Turkish President Erdogan says meeting with Syria's Assad is a 'possibility'
Turkish President Recep Tayyip Erdogan said on Wednesday that a meeting with Syrian counterpart Bashar al-Assad is a possibility, after cutting diplomatic ties with the regime throughout the 11-year conflict there.
Turkey has backed the rebels fighting to topple Assad, with Erdogan calling him a "murderer".
Asked by a reporter in the parliament whether he could meet with the Syrian leader, Erdogan said: "It's possible. There's no room for resentment in politics. Ultimately, steps are taken under the most favourable conditions."
Despite the lack of contact between Erdogan and Assad, the two countries' spy chiefs have maintained contact.
Assad stamped out dissent by shooting protesters and then bombing towns and cities.
His forces also detained tens of thousands of protestors, activists, and others uninvolved in anti-regime activists almost as soon as the Syrian uprising began in 2011 with many feared dead from torture.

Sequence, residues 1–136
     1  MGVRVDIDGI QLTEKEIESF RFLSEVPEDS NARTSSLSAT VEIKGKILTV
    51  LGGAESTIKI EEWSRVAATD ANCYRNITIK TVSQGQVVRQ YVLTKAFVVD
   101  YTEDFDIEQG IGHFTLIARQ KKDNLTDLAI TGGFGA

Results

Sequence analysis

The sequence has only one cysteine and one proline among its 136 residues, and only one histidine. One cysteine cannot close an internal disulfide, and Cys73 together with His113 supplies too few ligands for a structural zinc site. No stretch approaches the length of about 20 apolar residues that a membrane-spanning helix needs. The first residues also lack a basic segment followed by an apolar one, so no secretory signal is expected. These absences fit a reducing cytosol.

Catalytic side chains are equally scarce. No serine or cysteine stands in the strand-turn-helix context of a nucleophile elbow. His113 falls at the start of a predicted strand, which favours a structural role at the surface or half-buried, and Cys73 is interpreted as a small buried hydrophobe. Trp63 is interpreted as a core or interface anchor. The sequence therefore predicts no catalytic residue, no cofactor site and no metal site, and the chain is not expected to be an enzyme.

His regime is accused of committing appalling war crimes, including killing of detainees, the use of chemical weapons on towns, and targeting hospitals.
Erdogan surprised many when he briefly met on Sunday with his Egyptian counterpart Abdel Fattah al-Sisi in Qatar for the first time.
A photo distributed by the Turkish presidency showed the two leaders shaking hands.
Erdogan and Sisi have been sparring since the Egyptian military's 2013 ouster of Islamist president Mohamed Morsi, personally backed by Erdogan.
Asked whether or not he would have a second meeting with Sisi, Erdogan didn't give a date.